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Fiction Contemporary Women

The Holiday Swap

by (author) Maggie Knox

Penguin Group Canada
Initial publish date
Oct 2021
Contemporary Women, Holiday, Romantic Comedy
  • Paperback / softback

    Publish Date
    Oct 2021
    List Price
  • Paperback / softback

    Publish Date
    Sep 2022
    List Price

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"An utterly adorable, pitch-perfect romance with just the right amount of Christmas cheer. The Holiday Swap is a pure delight, I couldn’t stop from smiling."-- Taylor Jenkins Reid, NYT bestselling author of Daisy Jones & The Six
A feel-good, holiday-themed romantic comedy about identical twins who switch lives in the days leading up to Christmas.

All they want for Christmas is a different life.

When chef Charlie Goodwin gets hit on the head on the L.A. set of her reality baking show, she loses a lot more than consciousness; she also loses her ability to taste and smell--both critical to her success as show judge. Meanwhile, Charlie's identical twin, Cass, is frantically trying to hold her own life together back in their quaint mountain hometown while running the family's bustling bakery and dealing with her ex, who won't get the memo that they're over.

With only days until Christmas, a desperate Charlie asks Cass to do something they haven't done since they were kids: switch places. Looking for her own escape from reality, Cass agrees. But temporarily trading lives proves more complicated than they imagined, especially when rugged firefighter Jake Greenman and gorgeous physician assistant Miguel Rodriguez are thrown into the mix. Will the twins' identity swap be a recipe for disaster, or does it have all the right ingredients for getting their lives back on track?

About the author

Contributor Notes

Maggie Knox is the pen name for bestselling Canadian writing duo Karma Brown and Marissa Stapley. Brown is an award-winning journalist and bestselling author of five novels, including the #1 national bestseller Recipe for a Perfect Wife, as well as the non-fiction bestseller The 4% Fix: How one hour can change your life. Her writing has appeared in publications such as Self, Redbook, Today’s Parent, and Chatelaine. She lives just outside Toronto with her family and a labradoodle named Fred. Stapley is a former magazine editor and New York Times bestselling author of Reese’s Book Club Pick Lucky, as well as international bestsellers Mating for Life, Things to Do When It’s Raining, and The Last Resort. Many of her novels have been optioned for television and her journalism has appeared in The Globe and Mail, Toronto Star, Elle, Today’s Parent, and Reader’s Digest. She lives in Toronto with her family and a pre­cocious black cat named Oscar. The Holiday Swap was their first novel writing together as Maggie Knox and is a Canadian bestseller.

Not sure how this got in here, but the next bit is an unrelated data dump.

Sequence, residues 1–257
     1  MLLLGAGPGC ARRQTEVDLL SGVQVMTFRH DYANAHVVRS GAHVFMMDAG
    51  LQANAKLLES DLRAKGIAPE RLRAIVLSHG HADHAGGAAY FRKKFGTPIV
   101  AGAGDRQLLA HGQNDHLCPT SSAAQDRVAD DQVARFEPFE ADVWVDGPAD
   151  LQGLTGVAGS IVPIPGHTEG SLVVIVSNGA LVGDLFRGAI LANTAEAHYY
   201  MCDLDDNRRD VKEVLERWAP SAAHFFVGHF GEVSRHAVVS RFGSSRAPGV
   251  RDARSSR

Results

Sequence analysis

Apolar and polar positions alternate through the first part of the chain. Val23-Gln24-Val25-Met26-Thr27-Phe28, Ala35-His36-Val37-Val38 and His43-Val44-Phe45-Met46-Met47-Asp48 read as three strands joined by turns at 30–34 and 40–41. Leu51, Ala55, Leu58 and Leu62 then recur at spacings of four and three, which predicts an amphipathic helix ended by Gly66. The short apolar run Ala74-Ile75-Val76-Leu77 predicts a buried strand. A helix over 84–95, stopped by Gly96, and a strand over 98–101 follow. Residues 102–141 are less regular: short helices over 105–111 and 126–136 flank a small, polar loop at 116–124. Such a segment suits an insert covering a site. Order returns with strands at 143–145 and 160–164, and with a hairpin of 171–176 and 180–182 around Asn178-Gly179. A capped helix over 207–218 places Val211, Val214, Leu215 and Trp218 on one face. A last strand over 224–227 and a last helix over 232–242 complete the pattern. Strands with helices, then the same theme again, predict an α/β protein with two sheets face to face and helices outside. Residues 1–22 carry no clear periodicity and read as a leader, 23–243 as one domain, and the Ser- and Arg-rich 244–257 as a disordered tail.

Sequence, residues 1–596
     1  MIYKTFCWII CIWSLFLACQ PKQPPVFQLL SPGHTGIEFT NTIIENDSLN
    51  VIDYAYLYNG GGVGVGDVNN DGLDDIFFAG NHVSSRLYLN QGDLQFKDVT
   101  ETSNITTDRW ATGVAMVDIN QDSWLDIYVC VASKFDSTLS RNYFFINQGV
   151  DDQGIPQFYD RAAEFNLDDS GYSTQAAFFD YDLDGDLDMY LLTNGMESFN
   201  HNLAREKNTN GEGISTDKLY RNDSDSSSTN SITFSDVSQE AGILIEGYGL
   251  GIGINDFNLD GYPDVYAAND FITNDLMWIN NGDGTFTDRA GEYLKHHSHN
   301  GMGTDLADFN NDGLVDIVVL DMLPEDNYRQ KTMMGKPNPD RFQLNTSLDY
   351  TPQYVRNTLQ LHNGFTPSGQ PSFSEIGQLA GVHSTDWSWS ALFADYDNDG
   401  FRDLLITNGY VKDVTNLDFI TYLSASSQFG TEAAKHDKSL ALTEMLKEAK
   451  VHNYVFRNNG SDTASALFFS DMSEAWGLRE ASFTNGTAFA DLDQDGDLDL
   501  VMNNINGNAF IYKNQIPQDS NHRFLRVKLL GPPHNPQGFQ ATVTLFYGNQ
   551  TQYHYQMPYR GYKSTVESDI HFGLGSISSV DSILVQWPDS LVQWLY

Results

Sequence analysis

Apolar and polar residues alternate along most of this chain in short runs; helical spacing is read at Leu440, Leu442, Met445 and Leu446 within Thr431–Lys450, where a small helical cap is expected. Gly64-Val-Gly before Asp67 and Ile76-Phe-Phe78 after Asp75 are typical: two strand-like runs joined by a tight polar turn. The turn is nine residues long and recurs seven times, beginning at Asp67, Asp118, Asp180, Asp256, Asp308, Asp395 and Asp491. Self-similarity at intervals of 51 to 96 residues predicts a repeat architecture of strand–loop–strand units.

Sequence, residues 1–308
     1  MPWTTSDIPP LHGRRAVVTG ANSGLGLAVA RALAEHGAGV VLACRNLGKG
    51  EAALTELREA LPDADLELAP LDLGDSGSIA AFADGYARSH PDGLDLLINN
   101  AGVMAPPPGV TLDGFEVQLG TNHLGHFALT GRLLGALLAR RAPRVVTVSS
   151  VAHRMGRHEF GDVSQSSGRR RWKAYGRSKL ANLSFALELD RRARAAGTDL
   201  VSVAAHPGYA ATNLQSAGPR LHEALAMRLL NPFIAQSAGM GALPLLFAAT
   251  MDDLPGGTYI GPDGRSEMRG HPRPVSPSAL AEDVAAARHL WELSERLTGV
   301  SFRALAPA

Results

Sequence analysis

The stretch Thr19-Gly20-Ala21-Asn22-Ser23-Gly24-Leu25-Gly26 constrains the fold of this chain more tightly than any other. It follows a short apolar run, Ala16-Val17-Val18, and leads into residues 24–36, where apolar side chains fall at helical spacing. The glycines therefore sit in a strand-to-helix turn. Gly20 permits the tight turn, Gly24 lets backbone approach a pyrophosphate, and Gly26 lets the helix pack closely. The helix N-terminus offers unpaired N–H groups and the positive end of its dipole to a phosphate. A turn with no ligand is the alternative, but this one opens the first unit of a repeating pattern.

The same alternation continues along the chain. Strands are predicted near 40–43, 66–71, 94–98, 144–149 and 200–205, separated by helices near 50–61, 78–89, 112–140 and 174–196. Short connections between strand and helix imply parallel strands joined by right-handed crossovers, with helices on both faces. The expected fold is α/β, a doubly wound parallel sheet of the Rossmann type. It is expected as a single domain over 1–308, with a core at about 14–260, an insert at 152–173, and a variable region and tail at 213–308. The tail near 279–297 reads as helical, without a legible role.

Excerpt: The Holiday Swap (by (author) Maggie Knox)



Monday: 12 Days to Christmas . . .

Los Angeles

Charlie Goodwin drew a shaky breath and tapped furiously on her phone, the screen illuminating her face in the otherwise dark storeroom. She opened an app and searched for the emergency two-minute stress-release meditation. Once the soothing voice began, she closed her eyes and took another deep breath, trying to slow her frantic heartbeat. But all that did was bring the sharp scent of peppermint extract further up her nose and into her throat. Normally she loved the smell of peppermint and all Christmas-related things. But this had been sabotage. She smelled like a giant candy cane-and she wasn't feeling very festive about it.

Her phone buzzed in her hand and she cracked an eye, glancing at the screen. Priya Basu, her friend and on-set makeup artist.

Don't let him get to you.

He's a jerk and you're YOU.

Priya was right. Sighing with frustration, Charlie leaned her head back against the wall. She whispered the mantra in time with her exhales and peppermint-scented inhales: Don't let him get to you.

Austin Nash. Someone she had a sour history with and her co-host on the network reality baking show Sweet & Salty, which had run for two seasons but was slated to be replaced by a new show, called Bake My Day, after the holidays. The current Sweet & Salty special they were co-hosting-a twelve-days-to-Christmas countdown, featuring twelve amateur bakers vying for the top spot and twenty-five thousand dollars-was meant to be festive and fun. However, Austin Nash left Charlie feeling more bah-humbug than merry and bright. This holiday special was also Charlie's last chance to impress the network executives and secure the Bake My Day hosting job, which would mean the end of having to share a stage with Austin Nash.

The two had known each other back in culinary school, where she'd discovered Austin was more cheater than chef after she'd caught him co-opting one of her recipes as his own. But he was slick, and she could never prove it. After school Charlie headed to Paris for a coveted internship with a celebrated Parisian pastry chef, and Austin went to New York City and, really, she hadn't thought of him again.

Charlie had been "discovered" by the formidable television producer Sasha Torres-who was now her boss . . . and Austin's. Sasha had come into Souci-the L.A. hot spot where Charlie had made a name for herself as head pastry chef since her return from Paris. Charlie had been tasked with presenting Sasha's table with the flambéed cherries the restaurant was known for. Sasha offered Charlie the "Sweet" hosting side of the reality baking show on the spot.